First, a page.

The benefits aren’t lost on those in the cosmetic skin care sector either. Estheticians use this therapy routinely for laser skin resurfacing (also known as a peel) to reduce the signs of aging or to clear up acne scarring.

Laser therapy speeds up healing time

Wound Suturing and Healing:

The structural integrity of sutures, clips, or glues has not always been satisfactory, leaving wounds susceptible to reopening and inviting infection. Quite a lot of progress has been made in using low-level lasers to suture and aid in the healing of surgical or trauma wounds.

Recently, a team of doctors in Tel Aviv began to experiment with lasers as a way to treat wounds. Their focus was to determine the safest and most effective temperature to use to avoid damage or scar surrounding tissues. They’ve since designed a special optical fiber that keeps the laser at 60 degrees Celsius. This process has been used on surgical, acute, and chronic wounds with great success.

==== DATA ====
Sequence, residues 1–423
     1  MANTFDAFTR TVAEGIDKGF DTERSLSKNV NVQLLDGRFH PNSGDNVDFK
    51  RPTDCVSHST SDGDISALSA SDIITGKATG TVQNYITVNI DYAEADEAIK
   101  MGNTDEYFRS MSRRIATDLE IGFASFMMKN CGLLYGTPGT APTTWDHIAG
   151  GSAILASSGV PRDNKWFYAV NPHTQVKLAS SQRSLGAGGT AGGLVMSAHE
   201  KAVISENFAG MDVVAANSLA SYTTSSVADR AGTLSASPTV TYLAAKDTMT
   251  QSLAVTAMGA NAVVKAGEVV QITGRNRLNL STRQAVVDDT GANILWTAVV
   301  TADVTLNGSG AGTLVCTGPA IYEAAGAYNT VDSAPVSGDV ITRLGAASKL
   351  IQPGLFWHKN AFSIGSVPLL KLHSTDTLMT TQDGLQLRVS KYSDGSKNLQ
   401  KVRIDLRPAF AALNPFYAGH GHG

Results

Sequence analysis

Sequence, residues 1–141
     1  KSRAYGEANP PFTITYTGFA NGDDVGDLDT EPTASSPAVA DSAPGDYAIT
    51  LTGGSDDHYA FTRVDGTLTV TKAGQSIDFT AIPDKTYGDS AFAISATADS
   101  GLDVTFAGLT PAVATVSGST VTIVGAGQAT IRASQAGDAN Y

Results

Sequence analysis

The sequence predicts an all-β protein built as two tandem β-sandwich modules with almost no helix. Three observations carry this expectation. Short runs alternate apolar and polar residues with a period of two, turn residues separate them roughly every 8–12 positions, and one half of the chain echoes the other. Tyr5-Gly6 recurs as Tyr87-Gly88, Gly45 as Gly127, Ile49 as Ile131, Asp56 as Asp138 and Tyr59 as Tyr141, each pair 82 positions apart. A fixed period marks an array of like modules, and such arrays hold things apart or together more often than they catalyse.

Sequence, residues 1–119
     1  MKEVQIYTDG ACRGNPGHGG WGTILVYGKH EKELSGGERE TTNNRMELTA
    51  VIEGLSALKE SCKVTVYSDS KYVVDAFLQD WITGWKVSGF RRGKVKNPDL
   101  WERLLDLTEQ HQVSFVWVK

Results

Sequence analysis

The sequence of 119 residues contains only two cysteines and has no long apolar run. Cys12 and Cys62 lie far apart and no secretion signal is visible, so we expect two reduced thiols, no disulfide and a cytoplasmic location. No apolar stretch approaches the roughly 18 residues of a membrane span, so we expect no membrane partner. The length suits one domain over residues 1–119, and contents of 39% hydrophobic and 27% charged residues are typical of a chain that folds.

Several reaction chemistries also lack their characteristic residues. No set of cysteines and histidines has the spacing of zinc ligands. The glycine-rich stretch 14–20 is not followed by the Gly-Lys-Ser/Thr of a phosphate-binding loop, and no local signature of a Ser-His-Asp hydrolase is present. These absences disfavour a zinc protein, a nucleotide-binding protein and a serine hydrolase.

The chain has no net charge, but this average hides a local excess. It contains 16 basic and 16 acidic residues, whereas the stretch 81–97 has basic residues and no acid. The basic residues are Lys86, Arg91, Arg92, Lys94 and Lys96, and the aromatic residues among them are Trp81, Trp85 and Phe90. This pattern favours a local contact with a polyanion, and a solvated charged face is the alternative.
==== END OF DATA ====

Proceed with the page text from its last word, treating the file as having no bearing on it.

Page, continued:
Laser therapy is an effective, non-invasive, and painless approach to healing. Using light to stimulate the body’s own healing mechanisms has revolutionized rehabilitative therapies and medicine. This may open the door to more in-depth research and future discoveries that will hasten healing and help people live healthier lives.

At Oriole Physiotherapy and Rehabilitation Centre, we are dedicated to providing the highest quality care, using the most up-to-date technology. We offer the latest in laser therapy technology for the treatment of physical injury. We also provide custom orthotics, massage therapy, and advanced treatments for chronic pain. Call our team of caring physiotherapists in North York at (416) 221-0772 to schedule an appointment.